Have you ever wondered how to do Microsoft Office automation? Do you have some experience with Word or Excel or some other product, but you just can’t seem to program it to do what you want? Well, I discovered a neat little trick, which I am going to share with you, that has often helped me figure out how to do Office automation.
What is Microsoft Office automation? It is the process of using OLE and COM object hooks into the Microsoft Office suite in your programming code. Why would you want to do this? I have found that often there is a need to do something or display something and it would be really handy if we could just use MS Office behind the scenes to do it. Perhaps you want some custom output in Word or Excel format. In many cases, you can use some reporting tool that will export to RTF or Excel. Still, sometimes the output you are trying to create is unique enough that you need to program it with MS Office automation.
The most recent thing I have done with MS Office automation was I used Word to add a page footer with a field that had the current date time stamp on it. My application was already using Word to print RTF documents. The RTFs were created using Crystal Reports. The users wanted a printed date on the RTF. The only way I could think of doing it was using Word Automation.
One word: Macros. I know it sounds too easy. I found, a few years ago, when I was doing some Excel automation in a Delphi app, that I could not find any good reference on the web or a book that would help me figure out what I wanted to do. Anyway, I finally figured out that if I started to record a macro in Excel (this works in Word etc.) and did whatever I was trying to do in automation, I found that the macro code was always very close to the code I needed to write in automation to get the same results.
Here is how you start a macro in word:
Next, we will insert a date into the header while the macro is recording.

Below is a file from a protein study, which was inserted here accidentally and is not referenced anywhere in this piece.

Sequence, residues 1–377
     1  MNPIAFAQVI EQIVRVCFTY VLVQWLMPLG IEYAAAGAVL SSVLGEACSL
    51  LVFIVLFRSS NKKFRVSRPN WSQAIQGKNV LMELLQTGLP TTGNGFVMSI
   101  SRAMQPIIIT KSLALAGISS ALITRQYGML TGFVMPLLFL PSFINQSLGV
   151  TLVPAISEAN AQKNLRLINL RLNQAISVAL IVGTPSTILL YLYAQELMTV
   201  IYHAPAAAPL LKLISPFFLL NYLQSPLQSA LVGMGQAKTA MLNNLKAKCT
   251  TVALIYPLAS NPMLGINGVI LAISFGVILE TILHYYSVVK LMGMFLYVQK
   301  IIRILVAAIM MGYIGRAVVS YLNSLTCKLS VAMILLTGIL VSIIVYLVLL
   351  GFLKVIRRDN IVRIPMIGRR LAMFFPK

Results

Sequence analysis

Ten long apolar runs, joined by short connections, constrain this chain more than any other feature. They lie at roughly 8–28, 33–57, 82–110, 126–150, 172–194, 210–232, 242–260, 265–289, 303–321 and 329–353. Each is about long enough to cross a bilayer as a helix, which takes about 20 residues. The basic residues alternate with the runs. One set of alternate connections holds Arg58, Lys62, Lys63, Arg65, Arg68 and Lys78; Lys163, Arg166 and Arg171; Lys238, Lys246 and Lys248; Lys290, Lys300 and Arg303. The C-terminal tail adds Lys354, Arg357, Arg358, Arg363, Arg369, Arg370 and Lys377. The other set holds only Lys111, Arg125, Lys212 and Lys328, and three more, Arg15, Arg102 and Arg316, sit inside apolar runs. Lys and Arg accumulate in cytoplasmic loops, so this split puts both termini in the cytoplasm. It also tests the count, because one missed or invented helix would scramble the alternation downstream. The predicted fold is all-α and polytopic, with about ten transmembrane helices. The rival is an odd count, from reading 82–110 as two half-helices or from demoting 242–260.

Next, we stop the macro and look at the code it created. Click on Tools > Macro > Macros and this window comes up:
Select the macro you just recorded and click Edit.
You do have to know what code you are looking for. This is the macro code we are interested in:
ActiveWindow.ActivePane.View.SeekView = wdSeekCurrentPageHeader
Selection.Fields.Add Range:=Selection.Range, Type:=wdFieldDate
The C# code looks like this:
ref fieldtype, ref datetime, ref isFalse);
You can see how similar the code is to the macro code. Here is the full source to add the current date-time to a Word document:
object fileName = "c:\\temp\\test.doc";
object read_only = false;
object visible = true;
object isFalse = false;
object datetime = @"DATE \@ ""yyyy/MM/dd hh:mm:ss""";
object fieldtype =
object missing = System.Reflection.Missing.Value;
Microsoft.Office.Interop.Word.ApplicationClass wordApp =
wordApp.Visible = false;
Microsoft.Office.Interop.Word.Document aDoc =
ref fileName, ref missing, ref read_only,
ref missing, ref missing,
ref missing, ref missing, ref missing, ref missing,
ref missing, ref missing, ref visible, ref missing,
ref missing, ref missing, ref missing );
ref fieldtype, ref datetime, ref isFalse);
aDoc.Close(ref isFalse, ref missing, ref missing);
wordApp.Quit(ref isFalse,ref missing,ref missing);
So I suggest if you find yourself in need of using MS Office automation and you are just not sure how to do what you need to do, record a macro while you are doing it and then look at the macro code. There is a good chance that the macro code will point you in the right direction for the code you need to write.
I started my programmer career over 16 years ago doing COBOL and SAS on a MVS mainframe. It didn't take long for me to move into windows programming. I started my windows programming in Delphi (Pascal) with a Microsoft SQL server back end. I started working with vb.net when the beta 2 came out in 2001. After spending most of my programming life as a windows programmer I started to check out asp.net in 2004. I achieved my MCSD.net in April 2005. I have done a lot of MS SQL database stuff. I have a lot of experience with Window Service and Web services as well. I spent three years as a consultant programing in C#. I really enjoyed it and found the switch between vb.net and C# to be mostly syntax. In my current position I am programming in both vb.net and C#. Lately I have been using VS2012 and writing a Windows 8 app. You can search for the app it is called ConvertIT.
On a personal note I am a born again Christian, if anyone has any questions about what it means to have a right relationship with God or if you have questions about who Jesus Christ is, send me an e-mail. ben.kubicek[at]netzero[dot]com You need to replace the [at] with @ and [dot] with . for the email to work. My relationship with God gives purpose and meaning to my life.